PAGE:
Recent alumnus wins Fulbright to study bioengineering in Switzerland

Aaron MayerWhen Aaron Mayer (CWR ’13) started at Case Western Reserve University, he wanted to select a major that combined his love of math, science, medicine and engineering.

He decided to try biomedical engineering—and it turned out to be the perfect fit.

The range of coursework and classes fed Mayer’s overarching interests, but it wasn’t until he began his lab work that his passion grew and he saw the potential for a lifelong career.

Now, just more than a month after commencement, he’s starting that career: He’s earned a Fulbright Award to conduct research at Ecole Polytechnique Federale De Lausanne in Switzerland. Mayer applied for the Fulbright while a student at Case Western Reserve and recently was notified of the award.

While at Case Western Reserve, Mayer worked for three years in the lab of Efstathios Karathanasis, assistant professor of biomedical engineering and radiology, which focused on nanomedicine, imaging and cancer research. He was able to have input on experimental design, approach and theory.

“It was in this environment that my passion for biomedical engineering grew from a college major to a lifelong pursuit to develop and engineer products that improve the quality of people’s lives,” Mayer said.

Two of the projects he worked on were “Imaging Metastasis Using an Integrin-Targeting Chain Shaped Nanoparticle” and “Enhanced Delivery of Chemotherapy to Tumors Using a Multicomponent Nanochain with Radio-Frequency Tunable Drug Release.” Both projects were published in ACS Nano and he served as co-author of each.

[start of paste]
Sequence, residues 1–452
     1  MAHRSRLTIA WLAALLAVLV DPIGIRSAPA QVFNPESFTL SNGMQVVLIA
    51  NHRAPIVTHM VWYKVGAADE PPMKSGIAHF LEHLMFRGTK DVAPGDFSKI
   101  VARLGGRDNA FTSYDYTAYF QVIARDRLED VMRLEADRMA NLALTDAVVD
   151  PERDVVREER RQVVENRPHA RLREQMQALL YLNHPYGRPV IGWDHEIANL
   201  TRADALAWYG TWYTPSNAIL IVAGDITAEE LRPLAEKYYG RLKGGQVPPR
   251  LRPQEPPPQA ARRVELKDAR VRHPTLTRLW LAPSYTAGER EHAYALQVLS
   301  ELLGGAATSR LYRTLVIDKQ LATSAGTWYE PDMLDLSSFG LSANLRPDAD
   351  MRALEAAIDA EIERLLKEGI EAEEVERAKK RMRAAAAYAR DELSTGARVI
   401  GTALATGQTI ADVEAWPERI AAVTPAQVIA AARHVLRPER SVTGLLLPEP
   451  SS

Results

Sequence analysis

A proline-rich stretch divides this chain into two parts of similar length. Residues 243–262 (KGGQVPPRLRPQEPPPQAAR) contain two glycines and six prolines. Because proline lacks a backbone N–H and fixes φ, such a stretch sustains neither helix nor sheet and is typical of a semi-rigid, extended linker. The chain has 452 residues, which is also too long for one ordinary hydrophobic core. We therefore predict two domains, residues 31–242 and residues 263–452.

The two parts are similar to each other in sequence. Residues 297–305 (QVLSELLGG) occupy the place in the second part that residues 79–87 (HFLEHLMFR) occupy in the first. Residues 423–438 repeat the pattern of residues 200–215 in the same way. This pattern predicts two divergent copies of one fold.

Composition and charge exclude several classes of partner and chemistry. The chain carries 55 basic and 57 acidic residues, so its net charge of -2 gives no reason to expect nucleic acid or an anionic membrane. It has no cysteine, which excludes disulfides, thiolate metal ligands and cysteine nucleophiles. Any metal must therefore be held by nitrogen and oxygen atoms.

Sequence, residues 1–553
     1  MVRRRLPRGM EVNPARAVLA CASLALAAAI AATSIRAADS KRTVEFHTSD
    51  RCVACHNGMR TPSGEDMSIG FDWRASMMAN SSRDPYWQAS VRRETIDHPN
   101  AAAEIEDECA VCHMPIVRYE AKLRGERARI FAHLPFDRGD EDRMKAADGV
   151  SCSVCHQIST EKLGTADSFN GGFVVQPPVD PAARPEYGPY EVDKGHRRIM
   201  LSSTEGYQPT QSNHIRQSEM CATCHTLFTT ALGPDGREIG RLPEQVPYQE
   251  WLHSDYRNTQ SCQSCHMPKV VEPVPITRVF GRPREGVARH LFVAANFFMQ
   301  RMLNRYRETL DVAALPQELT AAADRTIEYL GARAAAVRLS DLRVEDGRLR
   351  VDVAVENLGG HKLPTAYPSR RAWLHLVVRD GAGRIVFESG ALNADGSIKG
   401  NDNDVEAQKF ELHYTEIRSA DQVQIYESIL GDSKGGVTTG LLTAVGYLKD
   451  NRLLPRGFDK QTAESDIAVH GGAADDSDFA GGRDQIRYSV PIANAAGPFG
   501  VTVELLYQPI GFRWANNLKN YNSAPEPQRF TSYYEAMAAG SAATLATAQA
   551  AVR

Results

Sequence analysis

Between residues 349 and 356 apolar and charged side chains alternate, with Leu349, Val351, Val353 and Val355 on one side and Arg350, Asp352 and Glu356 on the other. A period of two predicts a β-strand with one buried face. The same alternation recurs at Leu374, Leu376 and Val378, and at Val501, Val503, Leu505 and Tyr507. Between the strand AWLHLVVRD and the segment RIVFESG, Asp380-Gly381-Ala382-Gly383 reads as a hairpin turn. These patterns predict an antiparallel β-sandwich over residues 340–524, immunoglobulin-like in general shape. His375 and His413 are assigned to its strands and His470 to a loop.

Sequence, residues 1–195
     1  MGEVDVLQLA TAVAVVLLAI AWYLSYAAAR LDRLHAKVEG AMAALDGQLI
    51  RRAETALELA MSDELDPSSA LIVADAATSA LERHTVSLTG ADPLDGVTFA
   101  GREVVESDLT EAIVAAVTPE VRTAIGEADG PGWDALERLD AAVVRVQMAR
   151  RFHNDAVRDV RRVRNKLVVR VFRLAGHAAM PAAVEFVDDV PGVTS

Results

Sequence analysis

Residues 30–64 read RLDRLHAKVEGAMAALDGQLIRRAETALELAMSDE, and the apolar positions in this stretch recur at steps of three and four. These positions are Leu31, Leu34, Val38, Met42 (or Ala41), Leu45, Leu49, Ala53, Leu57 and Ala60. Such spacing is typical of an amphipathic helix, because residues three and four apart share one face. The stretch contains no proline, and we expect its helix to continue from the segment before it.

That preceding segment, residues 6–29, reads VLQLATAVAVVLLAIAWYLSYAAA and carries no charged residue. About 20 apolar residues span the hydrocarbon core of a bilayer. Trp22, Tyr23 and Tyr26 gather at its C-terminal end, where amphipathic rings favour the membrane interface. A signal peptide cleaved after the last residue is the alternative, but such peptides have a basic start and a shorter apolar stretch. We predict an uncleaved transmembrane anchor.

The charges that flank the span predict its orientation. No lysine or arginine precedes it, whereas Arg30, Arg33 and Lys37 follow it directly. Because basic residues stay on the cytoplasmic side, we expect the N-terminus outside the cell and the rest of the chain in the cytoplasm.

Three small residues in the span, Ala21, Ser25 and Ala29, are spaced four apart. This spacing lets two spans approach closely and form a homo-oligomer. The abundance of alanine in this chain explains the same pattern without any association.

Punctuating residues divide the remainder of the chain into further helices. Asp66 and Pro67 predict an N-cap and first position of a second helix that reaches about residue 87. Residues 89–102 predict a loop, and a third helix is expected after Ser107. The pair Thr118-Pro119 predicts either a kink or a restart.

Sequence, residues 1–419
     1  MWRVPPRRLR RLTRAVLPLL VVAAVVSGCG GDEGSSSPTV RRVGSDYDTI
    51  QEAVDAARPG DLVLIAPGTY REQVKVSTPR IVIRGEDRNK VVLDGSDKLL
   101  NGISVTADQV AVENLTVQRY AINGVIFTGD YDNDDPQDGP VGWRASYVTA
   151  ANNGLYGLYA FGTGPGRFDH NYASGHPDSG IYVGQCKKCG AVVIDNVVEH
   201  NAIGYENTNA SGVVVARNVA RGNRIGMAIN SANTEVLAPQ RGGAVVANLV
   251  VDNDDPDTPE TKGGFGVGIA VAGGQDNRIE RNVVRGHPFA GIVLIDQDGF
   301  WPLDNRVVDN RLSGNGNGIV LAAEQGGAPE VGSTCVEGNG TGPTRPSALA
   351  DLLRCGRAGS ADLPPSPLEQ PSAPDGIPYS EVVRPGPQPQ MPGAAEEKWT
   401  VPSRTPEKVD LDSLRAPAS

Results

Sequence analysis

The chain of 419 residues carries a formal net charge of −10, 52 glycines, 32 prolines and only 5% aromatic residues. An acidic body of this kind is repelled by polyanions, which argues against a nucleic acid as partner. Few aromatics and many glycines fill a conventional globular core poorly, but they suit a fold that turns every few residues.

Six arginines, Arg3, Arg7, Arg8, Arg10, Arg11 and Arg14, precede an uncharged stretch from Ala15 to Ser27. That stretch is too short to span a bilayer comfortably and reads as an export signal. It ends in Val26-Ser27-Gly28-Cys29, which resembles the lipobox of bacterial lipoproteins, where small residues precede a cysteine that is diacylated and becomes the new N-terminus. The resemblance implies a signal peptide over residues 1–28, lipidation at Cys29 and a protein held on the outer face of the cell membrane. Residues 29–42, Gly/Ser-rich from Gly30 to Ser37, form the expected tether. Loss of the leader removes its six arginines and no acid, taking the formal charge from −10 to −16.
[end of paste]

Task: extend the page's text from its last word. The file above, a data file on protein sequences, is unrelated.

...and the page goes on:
While in Switzerland, Mayer will conduct a research project, titled “A Nano-Scale Approach to Lymphatic and Cancer Bioengineering,” in professor Melody Swartz’s bioengineering lab, which specializes in immunology and lymphatic approaches to cancer therapy.

Mayer said the lab he chose is one of the only bioengineering labs in the world looking at how lymphatic, endothelial, tumor and immune cells interact in an integrative manner. The researchers use in vivo, in vitro and in silico models, and the lab is a mix of biologists, immunologists and engineers.

“It’s a unique environment that will provide the instruments necessary to carry out my project,” Mayer said. “The relationship that exists here between engineers and immunologists has become a growing trend resulting in the emerging field of ‘immunoengineering.’”

Mayer’s project will seek to identify imaging/nanoparticle pairs that can be used to further understand lymphatic and immune diseases, especially cancer, he said.

“I believe that the nano-engineering and imaging tools I have from my time in the lab and classroom at CWRU can be used to quantitatively and qualitatively analyze the unique lymphatic model that Dr. Swartz is studying,” Mayer said.

Mayer’s Fulbright award gives him the opportunity to continue his education and research while making invaluable connections halfway across the globe.

“At its heart, the Fulbright program aims to foster international exchange,” Mayer said. “I am really looking forward to living in a completely new country, establishing connections with researchers at the EPFL and in Switzerland, discovering a new culture, and being able to do research at one of the premier institutions in the world.”

At the conclusion of his Fulbright research, Mayer hopes to attend graduate school to earn a PhD or MD/PhD in medical oncology from Case Western Reserve, University of California-Berkeley or Massachusetts Institute of Technology. After, he aims to launch a biotech start-up company or become a biomedical engineering professor and run his own research lab.